..::: NEWS RELEASE
..::: JANUARY 10, 2005
New Year's Health Care Resolutions
NEWPORT BEACH, CALIFORNIA—The new year brings open enrollment health care hassles for
today’s employer and employee alike, claims Americans for Free Choice in
Medicine (AFCM), though help is on the way.
"During the annual cattle call, employees are
pummeled with bureaucratic health care jargon about co-pays,
deductibles, and out-of-pocket maximums,” writes Scott Holleran, editor
of AFCM’s newsletter, Pulse. “Open enrollment in a health plan
gets more confusing—and, for everyone, more expensive—each year.”
Holleran explains that HMOs and PPOs were essentially
instituted by the government through Sen. Ted Kennedy’s and President
Richard Nixon’s HMO Act in 1973. “Since the HMO Act was passed, the
individual has become a prisonercovered by an employer, herded into
managed care and locked into rising co-pays and lower quality
treatments,” he says. “It’s money for practically nothing.”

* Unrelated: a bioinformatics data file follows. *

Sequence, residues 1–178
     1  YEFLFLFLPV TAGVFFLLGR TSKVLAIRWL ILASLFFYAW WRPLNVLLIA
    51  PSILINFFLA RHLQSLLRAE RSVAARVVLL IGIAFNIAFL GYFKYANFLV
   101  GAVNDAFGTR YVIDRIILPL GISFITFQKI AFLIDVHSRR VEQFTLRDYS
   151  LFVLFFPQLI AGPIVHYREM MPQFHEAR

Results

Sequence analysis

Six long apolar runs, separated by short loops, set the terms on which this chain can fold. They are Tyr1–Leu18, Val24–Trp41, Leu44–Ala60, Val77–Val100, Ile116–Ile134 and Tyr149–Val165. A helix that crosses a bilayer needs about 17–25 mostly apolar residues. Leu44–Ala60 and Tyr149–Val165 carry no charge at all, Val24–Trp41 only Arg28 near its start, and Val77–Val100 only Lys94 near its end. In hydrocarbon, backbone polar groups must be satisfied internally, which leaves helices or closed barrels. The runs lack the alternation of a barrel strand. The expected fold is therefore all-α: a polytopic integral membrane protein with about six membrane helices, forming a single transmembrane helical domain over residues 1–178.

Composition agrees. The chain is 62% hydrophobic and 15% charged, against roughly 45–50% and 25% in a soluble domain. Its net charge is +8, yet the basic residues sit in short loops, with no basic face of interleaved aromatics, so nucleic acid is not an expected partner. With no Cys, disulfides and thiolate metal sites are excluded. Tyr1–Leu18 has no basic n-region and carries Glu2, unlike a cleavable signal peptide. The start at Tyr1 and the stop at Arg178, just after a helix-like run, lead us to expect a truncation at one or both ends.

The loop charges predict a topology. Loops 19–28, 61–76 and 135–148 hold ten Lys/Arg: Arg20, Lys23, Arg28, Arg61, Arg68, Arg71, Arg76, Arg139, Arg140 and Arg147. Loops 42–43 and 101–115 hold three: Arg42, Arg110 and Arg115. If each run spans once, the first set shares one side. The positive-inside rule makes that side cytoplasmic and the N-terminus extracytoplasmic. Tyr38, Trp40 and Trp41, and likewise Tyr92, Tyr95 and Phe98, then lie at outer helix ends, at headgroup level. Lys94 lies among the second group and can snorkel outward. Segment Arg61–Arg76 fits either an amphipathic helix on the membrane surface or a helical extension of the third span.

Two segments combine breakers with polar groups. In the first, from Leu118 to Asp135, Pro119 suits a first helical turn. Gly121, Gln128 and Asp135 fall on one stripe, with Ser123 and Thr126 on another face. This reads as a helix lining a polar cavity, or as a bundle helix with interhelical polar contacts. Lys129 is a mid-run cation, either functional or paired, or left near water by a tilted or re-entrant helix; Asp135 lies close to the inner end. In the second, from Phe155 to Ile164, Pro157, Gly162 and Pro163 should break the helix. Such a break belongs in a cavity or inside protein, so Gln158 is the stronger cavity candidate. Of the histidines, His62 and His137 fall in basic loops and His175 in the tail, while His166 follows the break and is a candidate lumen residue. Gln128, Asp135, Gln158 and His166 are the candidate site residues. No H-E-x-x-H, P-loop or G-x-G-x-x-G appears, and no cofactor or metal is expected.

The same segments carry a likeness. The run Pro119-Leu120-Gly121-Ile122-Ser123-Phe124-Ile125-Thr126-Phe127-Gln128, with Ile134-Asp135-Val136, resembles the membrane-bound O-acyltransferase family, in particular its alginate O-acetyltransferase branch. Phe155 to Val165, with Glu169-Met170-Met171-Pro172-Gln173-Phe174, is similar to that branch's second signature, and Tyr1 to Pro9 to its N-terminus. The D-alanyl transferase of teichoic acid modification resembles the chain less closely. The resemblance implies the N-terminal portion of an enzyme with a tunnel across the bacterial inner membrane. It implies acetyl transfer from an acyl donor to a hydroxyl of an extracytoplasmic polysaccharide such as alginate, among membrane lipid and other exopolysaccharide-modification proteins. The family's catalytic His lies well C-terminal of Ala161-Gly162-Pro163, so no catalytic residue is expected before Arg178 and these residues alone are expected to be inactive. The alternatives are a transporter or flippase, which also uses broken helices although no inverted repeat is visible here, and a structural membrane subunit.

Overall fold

AFCM insists there is an alternative and it may be
coming soon to the rescue: insurance compatible with Health Savings
“Imagine medicine without networks, percentages, and
thresholds,” Holleran suggests, “without co-pays, generics and
pre-authorization from a nurse practitioner at a phone bank in
Idaho—that’s the best of the Health Savings Account plans: free choice
of treatment, 100 percent of costs above the deductible, real,
name-brand drugs and less restrictions on medicine, that plus
tax-deductible contributions which earn as much as four percent
Holleran’s articles about health policy have been
published in the Los Angeles Times, Detroit News and the Silicon Valley
Americans for Free Choice in Medicine, (AFCM), was
founded in 1993. AFCM educates the public about the principles of
socialized medicine and free market ideas, such as HSAs and tax reform,
and publishes a consumer's guide on its Web site (http://www.afcm.org).
AFCM is the nation's only educational organization based on individual
rights, personal responsibility and free market ideas in medicine.
# # #
Copyright © 2005 Americans for Free Choice in Medicine. All rights reserved.
For reprint permission, contact AFCM.